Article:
What should our human practice be then? Some kind of a road book, the witness of a self-reflection triggered in the team during May/June 2012 on our practice, concepts and disagreements, and on the paths we could open or close for synthetic biology and the iGEM contest. The human practice should also be at the interface of the laboratory and society, articulating each other’s expectations and fears. What we deliver here is the organized outcome of the various discussions and debates we had during the summer, the compromises we tried to build and the issues which stay vivid. A posteriori we noticed that those discussions mainly dealt with the sentence previously quoted, “Xenopus is introduced as new chassis in the iGEM contest”, and especially around the terms of “chassis” and “genetically engineered machine”, which specially caught the attention of traditional biologists and laymen when referring to an animal. These terms appeared to symbolize the divergence of perceptions and ethical sensibilities we had among the team. In our account of this summer investigation we developed four aspects of the introduction of Xenopus in the iGEM contest, aiming at clarifying the range of the engineering metaphors and attitudes applied to living things. The four aspects are the following:

The four aspects are the following:

  1. Why Xenopus is an interesting chassis for synthetic biology? We will have to think through some epistemological principle distinguishing a chassis from a model organism.
    • Xenopus as a model organism
    • Xenopus as a chassis?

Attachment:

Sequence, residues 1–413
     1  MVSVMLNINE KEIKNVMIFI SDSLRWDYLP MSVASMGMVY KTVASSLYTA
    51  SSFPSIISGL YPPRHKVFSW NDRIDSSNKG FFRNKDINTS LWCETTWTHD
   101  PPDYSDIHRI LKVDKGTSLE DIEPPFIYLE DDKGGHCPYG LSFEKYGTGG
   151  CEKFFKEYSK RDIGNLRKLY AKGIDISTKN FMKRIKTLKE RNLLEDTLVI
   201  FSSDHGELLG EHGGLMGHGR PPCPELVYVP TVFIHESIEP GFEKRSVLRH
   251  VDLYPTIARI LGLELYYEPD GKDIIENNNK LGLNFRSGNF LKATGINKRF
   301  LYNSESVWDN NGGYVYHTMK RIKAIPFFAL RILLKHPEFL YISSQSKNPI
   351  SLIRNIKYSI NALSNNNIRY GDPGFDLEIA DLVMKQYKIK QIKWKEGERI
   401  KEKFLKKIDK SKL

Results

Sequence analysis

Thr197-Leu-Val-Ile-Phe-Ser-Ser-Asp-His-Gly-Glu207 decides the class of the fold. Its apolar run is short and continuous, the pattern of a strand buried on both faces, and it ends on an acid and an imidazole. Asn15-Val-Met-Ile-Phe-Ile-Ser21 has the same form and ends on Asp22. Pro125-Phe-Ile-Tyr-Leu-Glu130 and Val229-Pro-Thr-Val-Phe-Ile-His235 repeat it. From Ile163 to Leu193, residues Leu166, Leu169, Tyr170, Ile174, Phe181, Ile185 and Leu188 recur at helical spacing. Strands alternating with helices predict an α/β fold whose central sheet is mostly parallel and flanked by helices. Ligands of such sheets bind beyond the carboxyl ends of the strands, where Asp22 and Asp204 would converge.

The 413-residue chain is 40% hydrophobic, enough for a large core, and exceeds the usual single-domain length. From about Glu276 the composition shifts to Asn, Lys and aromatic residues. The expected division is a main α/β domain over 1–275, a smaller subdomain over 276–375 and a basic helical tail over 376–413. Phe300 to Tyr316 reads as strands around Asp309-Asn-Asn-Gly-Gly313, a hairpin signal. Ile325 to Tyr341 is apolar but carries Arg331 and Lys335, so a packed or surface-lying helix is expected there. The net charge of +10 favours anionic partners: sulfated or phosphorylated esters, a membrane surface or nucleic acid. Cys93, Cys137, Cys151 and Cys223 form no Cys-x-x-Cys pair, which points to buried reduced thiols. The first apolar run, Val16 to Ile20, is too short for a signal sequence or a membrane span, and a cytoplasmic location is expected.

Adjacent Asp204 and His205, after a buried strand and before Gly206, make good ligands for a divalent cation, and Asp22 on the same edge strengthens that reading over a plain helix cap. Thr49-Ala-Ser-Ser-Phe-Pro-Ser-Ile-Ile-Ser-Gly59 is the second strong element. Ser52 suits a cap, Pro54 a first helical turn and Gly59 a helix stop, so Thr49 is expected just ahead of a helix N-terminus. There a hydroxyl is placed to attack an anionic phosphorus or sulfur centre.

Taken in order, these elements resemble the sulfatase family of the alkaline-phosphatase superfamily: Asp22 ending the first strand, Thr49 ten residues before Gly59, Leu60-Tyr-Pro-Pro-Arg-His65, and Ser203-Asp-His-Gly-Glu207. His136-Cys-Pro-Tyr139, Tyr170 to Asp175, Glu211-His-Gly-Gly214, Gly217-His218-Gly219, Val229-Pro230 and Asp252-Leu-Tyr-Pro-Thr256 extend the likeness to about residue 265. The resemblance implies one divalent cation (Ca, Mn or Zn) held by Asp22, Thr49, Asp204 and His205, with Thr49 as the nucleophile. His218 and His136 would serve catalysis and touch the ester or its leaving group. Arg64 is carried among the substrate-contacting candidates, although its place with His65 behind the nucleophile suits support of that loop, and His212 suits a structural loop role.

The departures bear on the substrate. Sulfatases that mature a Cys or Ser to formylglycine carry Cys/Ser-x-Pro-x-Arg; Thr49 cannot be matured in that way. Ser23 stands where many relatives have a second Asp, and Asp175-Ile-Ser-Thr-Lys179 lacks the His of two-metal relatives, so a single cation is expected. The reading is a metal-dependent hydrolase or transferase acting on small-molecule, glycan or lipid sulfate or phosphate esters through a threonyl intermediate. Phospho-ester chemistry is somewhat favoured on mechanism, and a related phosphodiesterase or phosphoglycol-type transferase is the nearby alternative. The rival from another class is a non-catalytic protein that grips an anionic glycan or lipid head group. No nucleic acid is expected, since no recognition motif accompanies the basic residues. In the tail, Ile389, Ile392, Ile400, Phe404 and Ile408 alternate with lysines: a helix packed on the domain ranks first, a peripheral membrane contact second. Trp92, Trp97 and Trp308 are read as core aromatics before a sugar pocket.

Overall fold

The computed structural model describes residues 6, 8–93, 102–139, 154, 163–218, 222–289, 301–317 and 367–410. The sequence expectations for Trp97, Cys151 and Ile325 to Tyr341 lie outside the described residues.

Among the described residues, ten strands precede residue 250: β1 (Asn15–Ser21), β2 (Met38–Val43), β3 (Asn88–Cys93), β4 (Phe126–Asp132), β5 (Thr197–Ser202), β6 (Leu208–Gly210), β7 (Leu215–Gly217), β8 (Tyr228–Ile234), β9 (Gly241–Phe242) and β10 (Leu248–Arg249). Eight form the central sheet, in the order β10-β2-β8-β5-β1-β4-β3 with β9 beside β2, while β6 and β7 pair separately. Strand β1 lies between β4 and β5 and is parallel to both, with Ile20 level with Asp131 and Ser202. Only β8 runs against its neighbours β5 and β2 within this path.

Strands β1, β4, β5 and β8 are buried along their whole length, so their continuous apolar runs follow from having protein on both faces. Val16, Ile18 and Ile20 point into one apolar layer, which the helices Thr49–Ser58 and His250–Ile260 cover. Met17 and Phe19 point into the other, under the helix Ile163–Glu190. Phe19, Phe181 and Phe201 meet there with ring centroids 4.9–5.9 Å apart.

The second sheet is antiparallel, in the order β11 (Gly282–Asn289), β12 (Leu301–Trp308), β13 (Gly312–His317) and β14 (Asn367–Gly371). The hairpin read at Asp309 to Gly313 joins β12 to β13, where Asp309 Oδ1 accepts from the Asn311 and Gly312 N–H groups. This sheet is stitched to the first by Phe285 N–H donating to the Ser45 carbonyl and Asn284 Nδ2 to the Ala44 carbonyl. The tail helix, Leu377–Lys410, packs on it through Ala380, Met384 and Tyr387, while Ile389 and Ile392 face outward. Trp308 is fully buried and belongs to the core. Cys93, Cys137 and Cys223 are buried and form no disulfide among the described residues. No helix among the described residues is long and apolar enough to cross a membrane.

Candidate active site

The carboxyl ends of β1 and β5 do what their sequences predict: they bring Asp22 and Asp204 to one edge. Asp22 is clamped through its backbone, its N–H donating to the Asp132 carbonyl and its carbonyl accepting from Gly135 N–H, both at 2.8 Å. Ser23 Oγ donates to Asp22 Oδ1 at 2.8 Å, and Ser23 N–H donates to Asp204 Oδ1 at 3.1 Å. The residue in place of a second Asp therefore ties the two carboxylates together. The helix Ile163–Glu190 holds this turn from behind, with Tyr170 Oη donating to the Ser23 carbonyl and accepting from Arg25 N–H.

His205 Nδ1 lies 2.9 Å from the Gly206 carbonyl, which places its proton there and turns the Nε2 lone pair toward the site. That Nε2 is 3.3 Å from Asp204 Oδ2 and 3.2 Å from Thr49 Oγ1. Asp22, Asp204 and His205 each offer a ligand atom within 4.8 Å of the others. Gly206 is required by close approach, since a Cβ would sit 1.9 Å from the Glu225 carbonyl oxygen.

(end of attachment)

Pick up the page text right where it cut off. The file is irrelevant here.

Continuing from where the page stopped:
2. Why should we care of animals and human/non-human relationships? We will present some principles of animal ethics and investigate pragmatic approaches giving non-human beings a special attention.
    • Why should ethics concern animals?
    • Animal biotechnology and human/non-human relationships
  3. Why is “chassis” the term of disagreement? When words are not innocents and frogs have a history to be praised.
    • Metaphors aren't innocent
    • Historical praise to the frog as a martyr of science

As a conclusion we expressed the necessity for future igemers to think twice about working with Xenopus : Should we meet Xenopus again in iGEM?

Though these aspects are all related, we tried make the sections readable independently from one another, to give the possibility for readers to start with the part he feels the most (or the less) concerned with.

Last but not least, we have to point out that the story is sometimes biased as opinions of the team can differ from those of the philosopher who wrote this. Though we try reflecting all the opinions of the team members and insisting on the divergences, some conclusions, and the organization of this work, might not be the fruit of a successful compromise.